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News for Norther Colorado and the world

Sunday, September 21, 2014

Posts Tagged ‘globular star cluster’

Sky Tonight—April 28, Spica is your guide star to

Sky Tonight—April 28, Spica is your guide star to Omega Centauri cluster

Courtesy of EarthSky A Clear Voice for Science Visit EarthSky at www.EarthSky.org Silvery-blue Spica, the only prominent star in the constellation Virgo, acts as your guide to the Omega Centauri globular star cluster. To the unaided eye, Omega Centauri looks like a faint (and possibly fuzzy) star. Very few of the Milky Way galaxy’s 250 or so globular clusters are readily visible without optics. To find Spica, extend the curve of the Big Dipper handle, as illustrated on our April 5 ... Full Story

Astronomy Photo of the Day

Astronomy Photo of the Day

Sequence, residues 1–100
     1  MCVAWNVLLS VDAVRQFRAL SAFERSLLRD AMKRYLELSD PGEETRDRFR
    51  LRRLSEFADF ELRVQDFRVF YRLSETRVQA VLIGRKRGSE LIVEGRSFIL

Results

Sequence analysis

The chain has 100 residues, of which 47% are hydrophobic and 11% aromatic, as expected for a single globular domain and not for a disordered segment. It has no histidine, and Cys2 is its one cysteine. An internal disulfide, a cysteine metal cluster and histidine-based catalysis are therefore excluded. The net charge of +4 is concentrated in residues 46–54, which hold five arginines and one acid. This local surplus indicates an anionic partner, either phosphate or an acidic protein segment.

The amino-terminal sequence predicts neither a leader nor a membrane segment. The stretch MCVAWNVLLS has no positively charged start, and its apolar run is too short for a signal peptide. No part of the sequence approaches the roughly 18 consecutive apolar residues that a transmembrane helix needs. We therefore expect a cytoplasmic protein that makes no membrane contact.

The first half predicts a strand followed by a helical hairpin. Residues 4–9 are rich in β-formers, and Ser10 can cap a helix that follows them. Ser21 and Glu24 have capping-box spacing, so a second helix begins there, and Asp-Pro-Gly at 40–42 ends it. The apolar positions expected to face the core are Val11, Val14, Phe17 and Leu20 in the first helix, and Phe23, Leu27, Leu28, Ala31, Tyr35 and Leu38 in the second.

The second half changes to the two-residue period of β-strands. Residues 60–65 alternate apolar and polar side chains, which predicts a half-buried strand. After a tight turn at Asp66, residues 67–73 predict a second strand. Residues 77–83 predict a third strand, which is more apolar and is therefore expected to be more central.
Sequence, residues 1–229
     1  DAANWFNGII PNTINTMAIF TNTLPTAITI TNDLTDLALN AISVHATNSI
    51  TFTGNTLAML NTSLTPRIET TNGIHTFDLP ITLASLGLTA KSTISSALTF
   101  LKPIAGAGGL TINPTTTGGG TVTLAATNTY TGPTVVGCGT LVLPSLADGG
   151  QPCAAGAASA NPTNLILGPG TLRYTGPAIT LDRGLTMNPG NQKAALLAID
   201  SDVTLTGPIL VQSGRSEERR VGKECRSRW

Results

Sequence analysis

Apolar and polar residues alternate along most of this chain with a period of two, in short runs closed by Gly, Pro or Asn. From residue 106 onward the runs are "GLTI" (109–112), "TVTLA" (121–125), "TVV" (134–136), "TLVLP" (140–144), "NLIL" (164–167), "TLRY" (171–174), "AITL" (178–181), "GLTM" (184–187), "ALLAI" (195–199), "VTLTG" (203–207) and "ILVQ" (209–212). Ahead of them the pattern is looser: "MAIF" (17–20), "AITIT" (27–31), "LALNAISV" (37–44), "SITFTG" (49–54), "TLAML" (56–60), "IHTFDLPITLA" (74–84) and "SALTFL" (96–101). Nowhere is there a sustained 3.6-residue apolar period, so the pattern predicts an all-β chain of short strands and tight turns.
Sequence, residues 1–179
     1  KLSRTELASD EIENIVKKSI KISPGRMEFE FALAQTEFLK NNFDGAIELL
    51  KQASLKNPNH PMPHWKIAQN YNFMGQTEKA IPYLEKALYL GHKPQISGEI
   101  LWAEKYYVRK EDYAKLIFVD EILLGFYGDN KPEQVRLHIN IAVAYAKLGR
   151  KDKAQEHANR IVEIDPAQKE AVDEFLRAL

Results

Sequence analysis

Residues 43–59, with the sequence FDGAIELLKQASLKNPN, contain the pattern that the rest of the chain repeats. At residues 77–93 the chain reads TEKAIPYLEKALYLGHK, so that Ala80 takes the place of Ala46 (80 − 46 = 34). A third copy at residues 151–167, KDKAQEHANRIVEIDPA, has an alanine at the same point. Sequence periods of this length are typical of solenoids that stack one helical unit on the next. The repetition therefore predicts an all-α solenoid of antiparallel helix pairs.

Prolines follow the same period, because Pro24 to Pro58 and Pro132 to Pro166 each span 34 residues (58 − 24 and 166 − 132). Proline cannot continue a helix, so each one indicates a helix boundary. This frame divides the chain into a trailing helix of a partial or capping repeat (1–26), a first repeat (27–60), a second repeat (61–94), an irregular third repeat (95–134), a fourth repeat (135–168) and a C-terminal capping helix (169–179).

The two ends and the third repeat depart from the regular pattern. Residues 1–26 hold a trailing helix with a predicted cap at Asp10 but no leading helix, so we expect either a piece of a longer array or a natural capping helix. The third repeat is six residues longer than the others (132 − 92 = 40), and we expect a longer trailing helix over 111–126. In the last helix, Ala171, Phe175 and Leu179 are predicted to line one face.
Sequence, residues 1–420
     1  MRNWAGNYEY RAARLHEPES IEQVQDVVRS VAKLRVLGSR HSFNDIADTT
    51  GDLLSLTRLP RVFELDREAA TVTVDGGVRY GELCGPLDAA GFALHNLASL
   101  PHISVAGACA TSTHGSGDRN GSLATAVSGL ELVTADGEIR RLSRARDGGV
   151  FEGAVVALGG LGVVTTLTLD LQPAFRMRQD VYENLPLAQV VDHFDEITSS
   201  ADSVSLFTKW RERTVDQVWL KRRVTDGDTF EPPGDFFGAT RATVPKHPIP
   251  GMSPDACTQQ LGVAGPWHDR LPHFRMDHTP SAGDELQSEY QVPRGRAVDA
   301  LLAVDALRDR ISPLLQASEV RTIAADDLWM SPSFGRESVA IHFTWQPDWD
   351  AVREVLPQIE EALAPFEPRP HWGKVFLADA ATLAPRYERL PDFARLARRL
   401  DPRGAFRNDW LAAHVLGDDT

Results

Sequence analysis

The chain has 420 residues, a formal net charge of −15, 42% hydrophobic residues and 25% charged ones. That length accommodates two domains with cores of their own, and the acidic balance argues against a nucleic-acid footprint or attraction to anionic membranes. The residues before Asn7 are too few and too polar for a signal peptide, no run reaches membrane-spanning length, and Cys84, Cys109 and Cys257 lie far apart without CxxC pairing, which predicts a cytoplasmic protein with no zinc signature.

Globular Star Cluster 47 Tuc Image Credit & Copyright: Dieter Willasch (Astro-Cabinet) Explanation: Globular star cluster 47 Tucanae is a jewel of the southern sky. Also known as NGC 104, it roams the halo of our Milky Way Galaxy along with some 200 other globular star clusters. The second brightest globular cluster (after Omega Centauri) as seen from planet Earth, it lies about 13,000 light-years away and can be spotted naked-eye near the Small Magellanic Cloud in the ... Full Story

Earthsky Tonight — April 19, two stars lead to

Earthsky Tonight — April 19, two stars lead to constellation Hercules

Courtesy of EarthSky A Clear Voice for Science www.EarthSky.org The constellation Hercules the Kneeling Giant can be seen ascending in the east-northeast on these spring evenings. Our chart today shows the sky for late night, when all of these objects are well up in the northeastern to eastern sky. The stars Arcturus and Vega can help you identify Hercules, whose most noticeable pattern is a squarish figure in the center of the constellation. This sky pattern, or “asterism,” is ... Full Story

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